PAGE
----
Diet can affect sleep quality. In fact, as we may have experienced firsthand, an elaborate diet rich in fats and sugars can disturb sleep. On the other hand, there are some nutrients, such as vitamin D, B12 but also magnesium and zinc, and foods, such as kiwifruit, milk and sour cherries, which, on the other hand, can promote a good rest. From today we know that fish oil can also be a valid aid for improving sleep, as demonstrated by a very recent scientific research published a few days ago in the Nutrients magazine thanks to the work of an English team (Patan et al, Nutrients, Jan 2021).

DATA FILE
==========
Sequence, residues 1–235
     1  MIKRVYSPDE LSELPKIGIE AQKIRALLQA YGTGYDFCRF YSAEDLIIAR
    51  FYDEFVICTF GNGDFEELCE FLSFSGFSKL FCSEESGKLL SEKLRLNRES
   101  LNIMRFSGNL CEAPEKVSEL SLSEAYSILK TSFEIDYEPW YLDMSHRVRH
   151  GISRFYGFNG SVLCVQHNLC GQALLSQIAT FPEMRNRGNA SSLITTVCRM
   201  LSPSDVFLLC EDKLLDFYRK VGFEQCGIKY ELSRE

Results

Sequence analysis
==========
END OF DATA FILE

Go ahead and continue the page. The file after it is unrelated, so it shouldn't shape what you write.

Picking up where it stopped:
The polyunsaturated fatty acids EPA and DHA belong to the omega 3 family and are found in oily fish, salmon and krill. These two essential fatty acids determine the proper functioning of several systems, including the brain and the nervous system. However, there are few studies aimed at understanding the effect of these two fatty acids on sleep quality. Therefore, the researchers analyzed this aspect. To do this, 84 young adults between the ages of 25 and 49 were recruited, all in good health, non-smokers and non-hypertensive. In addition, none of the study participants had the habit of consuming fish oil that, as seen, is a source of EPA and DHA. The researchers divided the volunteers into three groups, the first group was asked to take 900 mg of DHA and 270 mg of EPA every day for 6 months, divided into three daily doses and taken in capsule form. The second group took 360 mg of DHA and 900 mg of EPA each day for the same period of time, again in three doses. Finally, the third group took a placebo given by three capsules of extra virgin olive oil. In this way, it was possible for researchers to observe the different effects that the two fatty acids EPA and DHA have on sleep. For the entire duration of the experiment, the study participants had to keep a diary in which they reported sensations and possible reactions. In addition to this, they had to wear an actigraph for all 24 hours, which is a kind of watch used to study sleep. The actigraph, in fact, records the movements of the body and identifies the phases of sleep and wakefulness. At the end of the experiment, what emerged was that in both groups that had taken the fatty acids EPA and DHA an improvement in sleep had been detected by the actigraph, with an increase in the time spent in bed while asleep and with a reduction in the time taken to fall asleep.